I sat on my bed and watched TV and iced my arm with the canned coffee. I remember watching CNN International, which had a very long show about the two Koreas on it. It was a nice piece of synchronicity and I watched it with interest. I was feeling tired and happy and a numbing pain from my arm that changed to lightning bolts of agony whenever I shifted in an unfortunate way. The electric blanket from my bed heated up under me, and I would shift across to cooler places. Eventually I got tired; I set my alarm for the next morning, wondering what the next morning would bring. I turned off the light and came back to my bed, turned down the electric blanket to something more sensible and got in. My arm by then was hurting in almost any position, and I arranged my second pillow under it, and lay there, stiffly on my back; I wondered if I would be able to function at all with it the next day; and eventually, with surprising ease, I went to sleep.

A story like this needs an epilogue; some sort of justification, hopefully a better one than my attempt to explain why a dead cat in the snow had anything to do with anything.

The next day I got a call from Nicole, confirming that I was, indeed, meant to be at the Kolon Hotel. I got directions to go there and caught a ridiculously long bus to the place. I did my best to help, both in an official capacity – showing the Gyeongju scholars how to break down and teach a second grade lesson on body parts – and in an unofficial capacity, providing general encouragement and advice on being a TaLK scholar – i.e., I got drunk with a bunch of cool fourth gens. I made some new friends, and left feeling pleased with myself for having acquitted myself as a sociable, engaged and interesting instructor. I caught a bus back with Nicole and taught my final day of fake English camp. The next week I started back on regular classes, and I was into a new semester in Korea.

I don’t think I fictionalised this too much, but can’t swear to the accuracy of all of it. I remember it as the best day of a lot of good days in Korea, but even after having written all this I can’t say why. It was a day with a lot of seasons, a constant motion to it, and that’s part of it. It came in a good week, a week that included my snowy day with my third graders, hanging out with the fourth gens at Kolon Hotel, a random trip to Daegu with Stella to extend her visa, a fun bus ride back from Gyeongju with Nicole. Maybe it was the best month – rediscovering Korea after having been away, feeling very good about being there, feeling comfortable with it.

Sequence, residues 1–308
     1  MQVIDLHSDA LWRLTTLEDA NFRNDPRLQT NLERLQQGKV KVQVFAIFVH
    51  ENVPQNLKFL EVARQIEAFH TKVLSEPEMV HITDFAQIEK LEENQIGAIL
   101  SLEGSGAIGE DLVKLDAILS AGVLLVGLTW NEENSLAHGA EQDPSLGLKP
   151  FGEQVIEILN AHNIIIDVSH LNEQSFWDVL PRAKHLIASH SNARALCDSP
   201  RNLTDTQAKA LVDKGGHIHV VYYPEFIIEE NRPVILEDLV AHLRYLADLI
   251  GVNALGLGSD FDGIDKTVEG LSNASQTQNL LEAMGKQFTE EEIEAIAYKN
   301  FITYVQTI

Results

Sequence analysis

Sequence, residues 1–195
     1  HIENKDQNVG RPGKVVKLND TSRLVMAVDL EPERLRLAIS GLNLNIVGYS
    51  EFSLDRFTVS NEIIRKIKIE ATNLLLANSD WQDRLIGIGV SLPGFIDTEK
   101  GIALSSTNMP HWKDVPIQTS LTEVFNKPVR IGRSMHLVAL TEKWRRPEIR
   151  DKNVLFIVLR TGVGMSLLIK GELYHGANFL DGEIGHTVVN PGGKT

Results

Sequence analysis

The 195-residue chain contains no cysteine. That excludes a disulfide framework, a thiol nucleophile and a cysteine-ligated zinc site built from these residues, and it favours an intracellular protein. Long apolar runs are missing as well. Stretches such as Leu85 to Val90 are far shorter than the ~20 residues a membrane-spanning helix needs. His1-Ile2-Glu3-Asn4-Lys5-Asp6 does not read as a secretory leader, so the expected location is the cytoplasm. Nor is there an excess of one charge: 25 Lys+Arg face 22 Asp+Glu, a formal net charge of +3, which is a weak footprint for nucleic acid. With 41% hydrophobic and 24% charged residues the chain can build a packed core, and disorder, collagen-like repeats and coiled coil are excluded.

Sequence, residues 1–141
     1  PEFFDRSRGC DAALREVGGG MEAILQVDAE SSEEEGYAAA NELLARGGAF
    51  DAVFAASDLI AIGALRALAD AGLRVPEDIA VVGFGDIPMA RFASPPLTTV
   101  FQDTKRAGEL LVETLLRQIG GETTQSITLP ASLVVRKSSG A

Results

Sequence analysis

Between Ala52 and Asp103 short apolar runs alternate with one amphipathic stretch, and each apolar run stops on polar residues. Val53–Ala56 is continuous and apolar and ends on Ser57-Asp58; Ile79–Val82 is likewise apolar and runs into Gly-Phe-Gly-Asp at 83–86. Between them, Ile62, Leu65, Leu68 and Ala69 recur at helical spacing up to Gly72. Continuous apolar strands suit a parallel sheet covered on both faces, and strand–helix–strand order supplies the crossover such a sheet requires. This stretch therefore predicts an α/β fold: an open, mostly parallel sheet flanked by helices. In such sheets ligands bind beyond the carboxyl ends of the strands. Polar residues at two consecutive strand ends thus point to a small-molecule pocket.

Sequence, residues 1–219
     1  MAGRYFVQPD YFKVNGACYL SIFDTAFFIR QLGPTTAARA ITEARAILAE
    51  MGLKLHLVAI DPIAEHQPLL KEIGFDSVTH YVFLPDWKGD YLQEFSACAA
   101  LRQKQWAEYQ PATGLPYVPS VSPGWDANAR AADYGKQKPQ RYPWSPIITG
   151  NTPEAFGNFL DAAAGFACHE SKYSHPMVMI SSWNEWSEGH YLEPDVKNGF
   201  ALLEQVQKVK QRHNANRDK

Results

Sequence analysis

Or maybe it wasn’t. Was it around then that I tried to quit smoking and had a private emotional meltdown, like I always do when I try to quit smoking? That day – did I know it was as good as that at the time? Is it possible I was tired for a lot of it, that I was stressed that Stella waiting for her package would leave us not enough time to see Geumoland, was I grumpy that Elizabeth didn’t come meet me at the terminal, did my arm hurt much worse than I remember, was I worried for a lot of it about whether I was just supposed to show up at the hotel the next day, and how was I going to get there, and what people would say when I arrived? It’s possible. Maybe even probable. It’s strange; because I’m in a different place now, and I have to construct a bridge to get from here to there; as well as I remember it, there are gaps where I wonder what we talked about, was the light truly as I remember it, was it that time, or another. I wonder if there’s a concrete reality to it, or just a mythology I’ve created. I wonder if other people remember it the way I do.

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Waegukin wrote these 9391 words on December 18th, 2011 | Posted in Stories |

comments

2 comments on “Best Day”

  1. Robert says:

    You should watch the YouTube video where Crayon Pop rides the tagada. It’s awesome!

  2. Waegukin says:

    Yes it is! I actually wrote about it in my post on tagadas:

    http://waegukin.com/tagada-rides-of-korea.html